Saturday, June 11, 2011


The AN/SPS-6C was a shipborne, long range, air and surface search radar, which was designed to supply target bearing and range data to its 5-inch A-scope indicator. In addition, as many as four, external, PPI indicators of the Radar Indicating Equipment VE, or Radar Repeater Equipment VJ or VK types could be attached to the SPS-6C. The RCN called this system WA meaning Warning Air. In 1947, the SPS-6 was granted AN nomenclature and the initial sets were procured from Westinghouse by the US Navy. Following quickly in 1947 were the 6A and 6B variants. The 6C and 6D versions were introduced in 1951, and the final 6E model in 1964.

The antenna of the AN/SPS-6C was a unidirectional, parabolic type reflector, fitted with a wind balancing vane and had a characteristic 30 degree cosecant pattern in the vertical plane. Horizontally, the beam width was 3.5 degrees. Its rotational period was 5 to 15 RPM in automatic mode and up to 2.5 rpm in manual mode. A dual feed horn on the antenna transmitted and received both radar and IFF signals. Overall weight for the antenna and its mounting pedestal was 924 pounds. The antenna itself weighed 591 pounds. Contrast that with the weight of the system cabinet which tipped the scales at 1,063 pounds. During the life of this system, there were four major American procurements. The first two were awarded to Westinghouse of Baltimore Md, the third went to AVCO Mfg/Crosley Division of Evandale Ohio and the final procurement was given to Stromberg- Carlson of Rochester, New York. Quantity and years of procurement by the RCN are not known at this time. HMCS HAIDA was fitted with AN/SPS-6C at the time she was paid off. It was originally fitted on her second tour of duty to Korea.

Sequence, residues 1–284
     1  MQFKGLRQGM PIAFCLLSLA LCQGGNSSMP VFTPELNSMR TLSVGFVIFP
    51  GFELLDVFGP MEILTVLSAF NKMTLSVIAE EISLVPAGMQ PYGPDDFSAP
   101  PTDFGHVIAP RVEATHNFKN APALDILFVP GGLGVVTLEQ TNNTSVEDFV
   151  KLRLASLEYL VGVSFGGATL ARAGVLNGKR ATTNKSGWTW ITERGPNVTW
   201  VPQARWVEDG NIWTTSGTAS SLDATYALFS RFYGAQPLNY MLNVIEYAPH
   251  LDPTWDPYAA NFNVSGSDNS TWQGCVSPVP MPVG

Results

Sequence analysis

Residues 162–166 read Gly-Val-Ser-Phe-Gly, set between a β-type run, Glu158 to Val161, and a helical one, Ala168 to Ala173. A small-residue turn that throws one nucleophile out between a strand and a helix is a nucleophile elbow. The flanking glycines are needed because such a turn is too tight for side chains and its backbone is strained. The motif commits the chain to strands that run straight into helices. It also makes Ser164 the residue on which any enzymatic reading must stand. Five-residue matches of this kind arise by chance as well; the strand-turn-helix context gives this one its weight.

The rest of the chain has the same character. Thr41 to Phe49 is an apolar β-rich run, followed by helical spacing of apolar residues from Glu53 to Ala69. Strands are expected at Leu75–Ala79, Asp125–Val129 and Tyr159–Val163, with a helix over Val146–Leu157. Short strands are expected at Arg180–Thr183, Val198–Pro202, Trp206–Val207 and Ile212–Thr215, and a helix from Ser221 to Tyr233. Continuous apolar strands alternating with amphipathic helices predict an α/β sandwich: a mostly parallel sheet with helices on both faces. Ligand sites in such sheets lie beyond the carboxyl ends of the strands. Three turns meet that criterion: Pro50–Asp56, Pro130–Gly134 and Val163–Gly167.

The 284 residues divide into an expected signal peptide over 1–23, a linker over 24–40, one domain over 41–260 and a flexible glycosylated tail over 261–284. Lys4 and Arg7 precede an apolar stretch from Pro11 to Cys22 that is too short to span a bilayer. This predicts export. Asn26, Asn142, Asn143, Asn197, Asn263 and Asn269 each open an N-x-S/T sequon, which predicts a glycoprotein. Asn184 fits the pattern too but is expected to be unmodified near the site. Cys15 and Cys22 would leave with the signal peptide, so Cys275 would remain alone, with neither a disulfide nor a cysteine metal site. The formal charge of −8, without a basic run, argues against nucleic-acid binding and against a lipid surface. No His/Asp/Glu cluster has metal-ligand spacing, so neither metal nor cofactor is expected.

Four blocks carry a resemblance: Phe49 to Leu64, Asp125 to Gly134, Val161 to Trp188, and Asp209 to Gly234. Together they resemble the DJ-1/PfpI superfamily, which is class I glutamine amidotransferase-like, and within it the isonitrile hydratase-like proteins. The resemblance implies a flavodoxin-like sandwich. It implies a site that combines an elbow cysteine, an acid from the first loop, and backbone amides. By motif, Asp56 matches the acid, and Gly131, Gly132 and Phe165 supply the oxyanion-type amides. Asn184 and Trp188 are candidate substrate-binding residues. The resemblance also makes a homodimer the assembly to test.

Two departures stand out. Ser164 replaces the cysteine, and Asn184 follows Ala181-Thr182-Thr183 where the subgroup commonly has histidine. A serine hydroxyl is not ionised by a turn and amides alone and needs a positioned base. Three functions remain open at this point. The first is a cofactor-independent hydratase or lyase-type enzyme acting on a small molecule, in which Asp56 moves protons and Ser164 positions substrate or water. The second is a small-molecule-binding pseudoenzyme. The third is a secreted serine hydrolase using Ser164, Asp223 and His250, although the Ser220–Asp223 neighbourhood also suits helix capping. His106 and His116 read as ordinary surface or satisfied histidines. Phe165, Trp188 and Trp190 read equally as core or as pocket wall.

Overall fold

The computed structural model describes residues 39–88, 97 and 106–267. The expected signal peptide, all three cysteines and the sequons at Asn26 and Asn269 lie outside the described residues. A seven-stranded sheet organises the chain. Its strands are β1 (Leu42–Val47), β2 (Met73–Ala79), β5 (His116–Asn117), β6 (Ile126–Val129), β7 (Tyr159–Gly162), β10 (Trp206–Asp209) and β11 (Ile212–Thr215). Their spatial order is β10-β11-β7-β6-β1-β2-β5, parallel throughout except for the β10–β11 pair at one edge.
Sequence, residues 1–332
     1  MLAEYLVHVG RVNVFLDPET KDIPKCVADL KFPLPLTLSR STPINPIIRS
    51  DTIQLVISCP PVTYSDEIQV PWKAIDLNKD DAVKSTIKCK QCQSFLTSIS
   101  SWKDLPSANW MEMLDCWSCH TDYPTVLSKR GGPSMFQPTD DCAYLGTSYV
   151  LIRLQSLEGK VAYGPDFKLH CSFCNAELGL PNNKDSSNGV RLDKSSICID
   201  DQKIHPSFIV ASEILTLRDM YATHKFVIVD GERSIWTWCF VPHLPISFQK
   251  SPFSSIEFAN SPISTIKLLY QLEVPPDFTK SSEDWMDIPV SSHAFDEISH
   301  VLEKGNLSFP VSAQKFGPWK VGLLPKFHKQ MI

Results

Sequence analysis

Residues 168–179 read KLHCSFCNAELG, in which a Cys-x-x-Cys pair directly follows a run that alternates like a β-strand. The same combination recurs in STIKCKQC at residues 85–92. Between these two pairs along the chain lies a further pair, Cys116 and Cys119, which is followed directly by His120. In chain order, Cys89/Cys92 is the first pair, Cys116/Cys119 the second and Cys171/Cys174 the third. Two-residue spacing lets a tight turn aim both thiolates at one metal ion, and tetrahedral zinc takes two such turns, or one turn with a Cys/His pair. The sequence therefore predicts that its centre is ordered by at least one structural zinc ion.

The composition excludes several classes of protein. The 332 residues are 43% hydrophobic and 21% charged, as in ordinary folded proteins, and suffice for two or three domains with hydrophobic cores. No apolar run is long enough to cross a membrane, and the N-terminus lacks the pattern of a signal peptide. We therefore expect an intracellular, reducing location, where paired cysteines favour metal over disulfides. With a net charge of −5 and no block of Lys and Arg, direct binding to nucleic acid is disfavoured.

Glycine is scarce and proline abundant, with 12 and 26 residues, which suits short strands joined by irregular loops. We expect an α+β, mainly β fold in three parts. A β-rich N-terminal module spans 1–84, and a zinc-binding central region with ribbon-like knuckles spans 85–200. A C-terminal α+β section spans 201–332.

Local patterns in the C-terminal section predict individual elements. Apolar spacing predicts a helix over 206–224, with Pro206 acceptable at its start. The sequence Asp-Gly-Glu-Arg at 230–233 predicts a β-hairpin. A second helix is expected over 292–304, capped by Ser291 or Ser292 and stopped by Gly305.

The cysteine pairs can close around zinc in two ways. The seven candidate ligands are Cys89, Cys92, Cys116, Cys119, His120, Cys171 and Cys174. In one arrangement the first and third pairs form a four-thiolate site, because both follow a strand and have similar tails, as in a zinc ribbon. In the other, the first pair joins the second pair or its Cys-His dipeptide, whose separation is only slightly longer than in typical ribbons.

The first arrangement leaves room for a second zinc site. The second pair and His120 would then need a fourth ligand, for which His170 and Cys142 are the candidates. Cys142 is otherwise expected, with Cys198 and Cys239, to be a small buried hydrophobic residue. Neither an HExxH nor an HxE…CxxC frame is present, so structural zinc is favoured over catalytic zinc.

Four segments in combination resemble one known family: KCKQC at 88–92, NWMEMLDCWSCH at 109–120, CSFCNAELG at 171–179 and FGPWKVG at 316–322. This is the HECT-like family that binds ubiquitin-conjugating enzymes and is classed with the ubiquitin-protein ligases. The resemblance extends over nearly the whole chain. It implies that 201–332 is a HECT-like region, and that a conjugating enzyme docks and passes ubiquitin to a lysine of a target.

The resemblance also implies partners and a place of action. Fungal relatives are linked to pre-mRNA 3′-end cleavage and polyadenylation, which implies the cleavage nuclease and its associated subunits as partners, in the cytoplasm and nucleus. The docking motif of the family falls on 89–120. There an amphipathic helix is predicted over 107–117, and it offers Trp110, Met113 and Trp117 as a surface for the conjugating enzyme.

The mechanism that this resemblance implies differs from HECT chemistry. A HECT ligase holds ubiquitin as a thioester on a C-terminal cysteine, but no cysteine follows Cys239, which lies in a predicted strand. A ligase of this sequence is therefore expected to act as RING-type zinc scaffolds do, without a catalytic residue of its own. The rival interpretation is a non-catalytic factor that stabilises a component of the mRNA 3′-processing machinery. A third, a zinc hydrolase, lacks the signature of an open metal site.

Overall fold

Frequency range: 1250 to 1350 MHz  
Power output:  500 to 750 kilowatts
Pulse repetition rate: one pulse rate is 150 pps with a pulse width of four  
microseconds. The other pulse rate is 600 pps with a pulse  
width of one microsecond. The pulse ratecould be varied  
+/- 10 percent from each of the two frequencies given  
above, by means of a calibrated front panel control.
Receiver type:  Superheterodyne type; 30 Mcs IF equipped with automatic frequency control and anti-jamming features
Range markers: the 'A' scope had range markers of 4, 20, 80, and 200 miles
Indicator types: the system was designed to interface to either VE, VF or VG type equipment
Power requirements: 115 or 440 VAC, 60 Hertz at 5.5 kilowatts